As mentioned, all programming languages have aspects that make them unique. Instructors at coding summer camps like iD Tech can help fast track a student’s understanding because 1) they have programming skills and knowledge and 2) they have personal experience. From that experience, instructors can also dive into best practices and industry workflow with students—two things that might take hours and hours of research with self-instruction.
Look at it like a video game. Being self-taught is a badge of honor; a level passed. And attending a program like iD Tech for a summer? You just found the key to the castle. Then getting a computer science degree? That's like beating the final boss.
6. Get a notebook
Not a Chromebook (sure, you’ll need a computer) but we’re talking about one of those old school, spiral-bound notebooks.
Why? Keeping a written record of your notes and resources will make it easier to reference when you’re trying to squash bugs and write new lines of code. Research proves writing and reading about a topic will help you retain and learn material faster.
A notebook is also handy to start to working out coding problems by hand—which for college exams and technical interviews is a requirement. Hand-coding is time-consuming but it will make you a better and more thoughtful programmer.
7. Be persistent
Learning something new takes commitment. Like exercise or eating well, doing so once a week or a few times a month won’t have the same impact as exercising or eating well every day. Set a specific time aside (an hour a day, every day starting at noon, etc.), set specific goals (learn loops and variables in a week), and stick to the plan.
When it comes to writing code (and solving the problems that come with coding), it also takes commitment. For instance, spend 20 minutes resolving a bug, and if the solution doesn’t present itself, step away and come back in ten.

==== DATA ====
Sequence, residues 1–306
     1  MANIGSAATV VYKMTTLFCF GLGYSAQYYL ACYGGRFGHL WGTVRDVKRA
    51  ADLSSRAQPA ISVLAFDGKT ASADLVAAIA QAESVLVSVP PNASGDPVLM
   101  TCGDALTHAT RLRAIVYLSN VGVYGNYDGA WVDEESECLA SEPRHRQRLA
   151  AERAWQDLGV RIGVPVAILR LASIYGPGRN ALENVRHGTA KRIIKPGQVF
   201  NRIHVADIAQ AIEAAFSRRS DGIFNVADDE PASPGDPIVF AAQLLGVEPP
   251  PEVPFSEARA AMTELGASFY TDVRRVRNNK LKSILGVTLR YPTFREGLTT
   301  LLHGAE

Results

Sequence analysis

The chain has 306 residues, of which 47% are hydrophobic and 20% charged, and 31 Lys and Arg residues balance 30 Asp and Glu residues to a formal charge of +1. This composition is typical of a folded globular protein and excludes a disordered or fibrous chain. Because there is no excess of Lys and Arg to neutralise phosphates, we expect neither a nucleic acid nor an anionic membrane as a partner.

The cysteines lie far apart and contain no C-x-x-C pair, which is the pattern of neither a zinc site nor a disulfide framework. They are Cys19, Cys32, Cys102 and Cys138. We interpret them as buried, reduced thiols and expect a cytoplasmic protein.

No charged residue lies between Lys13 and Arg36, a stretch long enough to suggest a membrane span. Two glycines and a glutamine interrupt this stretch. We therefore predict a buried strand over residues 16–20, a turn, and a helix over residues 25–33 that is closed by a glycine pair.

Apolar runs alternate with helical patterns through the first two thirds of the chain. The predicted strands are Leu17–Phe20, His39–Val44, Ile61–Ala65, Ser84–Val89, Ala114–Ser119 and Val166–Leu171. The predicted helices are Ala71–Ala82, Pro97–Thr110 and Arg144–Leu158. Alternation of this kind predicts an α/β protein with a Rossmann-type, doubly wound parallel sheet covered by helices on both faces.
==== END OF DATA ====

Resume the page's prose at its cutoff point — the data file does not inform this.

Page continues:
Failure and making mistakes is all a part of the learning process, so don’t get discouraged. Stay with it. Your persistence will be rewarded.
8. Review, redo, refresh
Congratulations! You’ve learned a new programming language in record time.
But wait a minute, you’re not done yet.
Now it’s time to take a step back and review what you’ve learned. How? Share it with your friends and with other coders, to get their take on your work. Then rework it. How can you improve on what you already have?
For feedback or questions, consult with your peers, mentors, IRC groups, and online forums—don’t be ashamed or shy; coders are a passionate bunch and every programmer started just like you. Use Cunningham's Law to find answers online: that is, the best way to get the correct answer on the internet is not to ask a question, but to post the wrong answer.
Plus, a second set of eyes can help you see something you may have overlooked before. Learning with others is not only fun, but as research indicates, it positively impacts personal growth to share others thought processes—and you learn more quickly.
Finally, know your limits and don’t burn yourself out. Take a deep breath before you take what you’ve learned to the next level—step away from coding and go ride your bike or play basketball, and when you come back, you’ll be refreshed and ready to go again.
9. Speed to the finish line
Remember, it takes commitment and discipline to learn any programming language. And like anything, you get what you put into it.
How long does it take to learn to code? Well, you can compare learning programming to learning any type of new language. It can be a lifetime endeavour—there are many layers and elements to mastering the English language, and like learning English, there are different ways to use and apply what you’ve learned.